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Last Updated: Friday, 5 March, 2004, 22:52 GMT
Iraqis put constitution on hold
Baghdad hall where the signing was to have taken place
All preparations had been made for the ceremony
The US-appointed Iraqi Governing Council (IGC) has abandoned plans to sign a new interim constitution.

The announcement came nearly seven hours after the signing ceremony was to have taken place in Baghdad.

Five Shia members of the Council failed to turn up for the ceremony, demanding a revision of parts of the draft.

Informal consultations were expected to continue over the weekend but no signing was expected before Monday, IGC sources said.

The signing ceremony at a conference hall - complete with musicians and a children's choir - fell apart at the last minute.

A five-member rotating presidency, with more Shias
Removing minority rights to veto permanent constitution

"There will be no news releases tonight," said the coalition spokesman, who was not named.

"It is possible that there will be a sort of statement tomorrow."

The ceremony was initially postponed from Wednesday as Iraq mourned scores of people killed in blasts in Baghdad and Karbala.

Just hours before the constitution was due to come into effect, several mortar rounds hit Baghdad International Airport - the main US military base - and two large explosions echoed across the capital.

There were no reports of casualties.

Minority vetoes

There is apparently a dispute over two elements of the draft document - named the Transitional Administrative Law - which, until now, had not seemed to be at issue.

Iraq will have a president, two deputies, a prime minister and a cabinet
Bill of rights includes protections for free speech and religious expression
Islam will be one of a number of legislation sources
Women should make up 25% of assembly
Kurds remain autonomous
Shia members of the IGC are apparently calling for a collective presidency that includes three Shias, one Kurd and one Sunni Muslim. The draft stipulates a president and two deputies.

It is believed Shias also want to change the mechanisms by which a permanent constitution could be ratified, removing safeguards that would give minority groups a veto.

Clauses in the draft reportedly say two-thirds of voters in any three provinces can veto the permanent charter in a referendum.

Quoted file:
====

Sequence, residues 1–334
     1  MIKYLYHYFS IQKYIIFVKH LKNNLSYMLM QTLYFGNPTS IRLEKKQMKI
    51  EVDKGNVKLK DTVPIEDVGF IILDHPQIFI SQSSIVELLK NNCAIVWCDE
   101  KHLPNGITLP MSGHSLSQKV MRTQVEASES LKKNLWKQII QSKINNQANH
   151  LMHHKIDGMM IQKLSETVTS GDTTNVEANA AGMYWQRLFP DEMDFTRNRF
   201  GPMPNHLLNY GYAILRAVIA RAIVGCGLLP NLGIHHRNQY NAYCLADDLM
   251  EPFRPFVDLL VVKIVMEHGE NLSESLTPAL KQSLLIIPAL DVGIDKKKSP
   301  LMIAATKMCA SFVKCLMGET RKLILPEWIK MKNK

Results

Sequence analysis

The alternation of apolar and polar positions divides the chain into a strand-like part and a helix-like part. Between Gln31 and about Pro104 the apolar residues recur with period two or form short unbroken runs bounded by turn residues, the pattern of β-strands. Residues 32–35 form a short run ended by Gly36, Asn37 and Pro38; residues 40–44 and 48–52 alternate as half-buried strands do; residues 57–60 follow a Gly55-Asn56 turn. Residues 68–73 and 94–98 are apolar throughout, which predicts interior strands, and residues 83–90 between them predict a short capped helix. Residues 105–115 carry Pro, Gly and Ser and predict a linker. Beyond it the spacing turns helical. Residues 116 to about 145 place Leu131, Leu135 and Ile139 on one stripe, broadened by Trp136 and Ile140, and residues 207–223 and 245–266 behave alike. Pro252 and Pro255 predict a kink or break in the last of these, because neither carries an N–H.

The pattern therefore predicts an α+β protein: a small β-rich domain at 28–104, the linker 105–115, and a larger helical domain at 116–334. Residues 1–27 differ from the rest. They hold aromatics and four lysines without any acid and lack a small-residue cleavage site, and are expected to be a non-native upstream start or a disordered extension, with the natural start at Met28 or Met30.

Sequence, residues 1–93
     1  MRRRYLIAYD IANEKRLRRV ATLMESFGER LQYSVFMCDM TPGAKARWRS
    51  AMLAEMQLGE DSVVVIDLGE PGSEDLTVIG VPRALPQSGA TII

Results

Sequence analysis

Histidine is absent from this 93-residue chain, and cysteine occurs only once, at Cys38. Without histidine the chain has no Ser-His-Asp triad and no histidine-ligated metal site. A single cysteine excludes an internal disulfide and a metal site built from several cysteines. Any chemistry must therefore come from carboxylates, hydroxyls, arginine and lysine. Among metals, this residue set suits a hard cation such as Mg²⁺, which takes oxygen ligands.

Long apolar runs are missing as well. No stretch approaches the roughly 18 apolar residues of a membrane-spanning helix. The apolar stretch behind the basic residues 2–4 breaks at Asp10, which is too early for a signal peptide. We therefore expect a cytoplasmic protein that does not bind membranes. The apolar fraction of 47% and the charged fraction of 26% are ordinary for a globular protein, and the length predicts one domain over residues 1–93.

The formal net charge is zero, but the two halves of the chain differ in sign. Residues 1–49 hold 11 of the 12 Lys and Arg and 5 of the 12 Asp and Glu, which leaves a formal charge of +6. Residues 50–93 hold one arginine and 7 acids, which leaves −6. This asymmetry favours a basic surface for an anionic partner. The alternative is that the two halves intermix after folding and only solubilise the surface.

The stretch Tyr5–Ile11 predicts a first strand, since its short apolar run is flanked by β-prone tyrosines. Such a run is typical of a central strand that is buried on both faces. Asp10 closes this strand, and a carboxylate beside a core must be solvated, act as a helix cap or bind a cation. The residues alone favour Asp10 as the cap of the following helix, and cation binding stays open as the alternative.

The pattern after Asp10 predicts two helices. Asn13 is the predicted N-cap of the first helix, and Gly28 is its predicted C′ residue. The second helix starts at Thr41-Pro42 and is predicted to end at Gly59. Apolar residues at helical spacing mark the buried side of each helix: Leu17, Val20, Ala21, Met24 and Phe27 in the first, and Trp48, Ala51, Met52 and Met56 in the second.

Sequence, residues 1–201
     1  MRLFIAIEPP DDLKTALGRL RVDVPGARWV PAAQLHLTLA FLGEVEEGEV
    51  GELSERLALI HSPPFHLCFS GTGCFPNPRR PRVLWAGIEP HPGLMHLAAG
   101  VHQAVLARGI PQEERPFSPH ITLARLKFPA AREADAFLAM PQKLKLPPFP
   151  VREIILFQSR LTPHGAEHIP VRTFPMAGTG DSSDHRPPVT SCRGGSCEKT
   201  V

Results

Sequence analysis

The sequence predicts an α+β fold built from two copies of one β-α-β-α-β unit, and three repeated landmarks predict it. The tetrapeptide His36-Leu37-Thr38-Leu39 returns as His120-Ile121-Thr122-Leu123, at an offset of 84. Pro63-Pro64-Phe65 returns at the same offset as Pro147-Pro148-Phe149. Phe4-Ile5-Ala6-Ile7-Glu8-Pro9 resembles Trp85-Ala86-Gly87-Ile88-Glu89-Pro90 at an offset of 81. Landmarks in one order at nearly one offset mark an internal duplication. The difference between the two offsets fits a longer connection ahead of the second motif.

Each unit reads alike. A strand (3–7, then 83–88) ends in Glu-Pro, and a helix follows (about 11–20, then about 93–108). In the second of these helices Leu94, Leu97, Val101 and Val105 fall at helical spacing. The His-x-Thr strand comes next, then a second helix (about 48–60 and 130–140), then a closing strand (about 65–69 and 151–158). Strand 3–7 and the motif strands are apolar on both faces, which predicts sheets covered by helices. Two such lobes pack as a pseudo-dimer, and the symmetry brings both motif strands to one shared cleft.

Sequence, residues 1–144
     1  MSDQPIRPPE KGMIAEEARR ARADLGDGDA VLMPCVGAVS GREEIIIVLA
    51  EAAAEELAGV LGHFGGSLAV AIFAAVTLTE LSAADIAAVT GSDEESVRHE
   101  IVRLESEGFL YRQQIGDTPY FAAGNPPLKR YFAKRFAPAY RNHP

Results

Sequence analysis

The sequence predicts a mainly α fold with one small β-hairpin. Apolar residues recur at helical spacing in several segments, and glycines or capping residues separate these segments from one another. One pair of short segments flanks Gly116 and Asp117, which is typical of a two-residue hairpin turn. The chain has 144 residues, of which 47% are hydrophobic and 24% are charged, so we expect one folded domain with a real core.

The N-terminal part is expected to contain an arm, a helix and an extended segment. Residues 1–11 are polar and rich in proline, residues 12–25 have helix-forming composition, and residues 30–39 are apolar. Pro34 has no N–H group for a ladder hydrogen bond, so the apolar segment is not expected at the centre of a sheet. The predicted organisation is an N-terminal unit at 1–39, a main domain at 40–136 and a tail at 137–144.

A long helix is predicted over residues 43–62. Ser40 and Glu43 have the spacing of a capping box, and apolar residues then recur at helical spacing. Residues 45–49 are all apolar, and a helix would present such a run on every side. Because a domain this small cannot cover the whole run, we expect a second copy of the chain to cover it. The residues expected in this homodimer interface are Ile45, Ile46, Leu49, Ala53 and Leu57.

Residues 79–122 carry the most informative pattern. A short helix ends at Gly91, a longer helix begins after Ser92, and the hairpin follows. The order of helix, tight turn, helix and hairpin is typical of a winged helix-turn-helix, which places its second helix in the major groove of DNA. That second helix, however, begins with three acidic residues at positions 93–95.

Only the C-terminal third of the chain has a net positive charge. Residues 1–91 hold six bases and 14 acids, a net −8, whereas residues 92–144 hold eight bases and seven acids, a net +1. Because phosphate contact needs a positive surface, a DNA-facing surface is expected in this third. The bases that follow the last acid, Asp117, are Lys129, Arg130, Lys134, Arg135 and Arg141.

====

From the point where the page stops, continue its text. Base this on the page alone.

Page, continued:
"Some of these provinces have only 400,000 or 500,000 people. We cannot have that number of people rejecting a constitution for 25 million people," said Hamed al-Bayati, of the Shia Supreme Council of the Islamic Revolution in Iraq (Sciri).

The Kurds' self-rule region includes three provinces - and reports suggest the Shias may have now gone back on a pledge to give Kurds constitutional guarantees.

Factional differences

The interim constitution sets out the framework for how Iraq will be governed after the US-led coalition ends the occupation on 30 June and before a new government is chosen by national elections, supposedly by early 2005.

Supporters of the document say that it sets the standard for political freedoms and religious tolerance in an Arab country.

Shia woman in Karbala
Human rights groups say the draft inadequately protects women
But the US-based Human Rights Watch criticised the interim constitution for what it said was a failure to give adequate protection to women's human rights.

The terms of the provisional constitution were agreed only after tortuous negotiations between the different ethnic and religious factions on the IGC.

The BBC's Paul Wood in Baghdad says everyone acknowledges that the Transitional Administrative Law is a temporary document.

Its provisions could be overturned by a nationally elected body.

The document does not specify which body will take over from the occupying powers by the end of June, nor does it say exactly how long elections will take to organise.

These issues are bitterly contested, with the Shias especially suspicious that elections will be delayed to deny them the political power they believe goes with their majority in the population.

The BBC's Linden Kemkaran
"The Americans want Iraq to set an example to the rest of the Middle East"

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